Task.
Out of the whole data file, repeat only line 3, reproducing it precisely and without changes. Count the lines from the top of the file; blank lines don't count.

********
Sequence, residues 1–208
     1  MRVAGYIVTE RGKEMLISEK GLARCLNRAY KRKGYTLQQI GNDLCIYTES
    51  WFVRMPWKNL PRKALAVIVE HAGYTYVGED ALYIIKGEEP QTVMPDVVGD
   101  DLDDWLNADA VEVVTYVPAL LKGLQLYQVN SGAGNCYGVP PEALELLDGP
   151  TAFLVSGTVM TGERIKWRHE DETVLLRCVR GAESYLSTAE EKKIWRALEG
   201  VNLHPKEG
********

    51  WFVRMPWKNL PRKALAVIVE HAGYTYVGED ALYIIKGEEP QTVMPDVVGD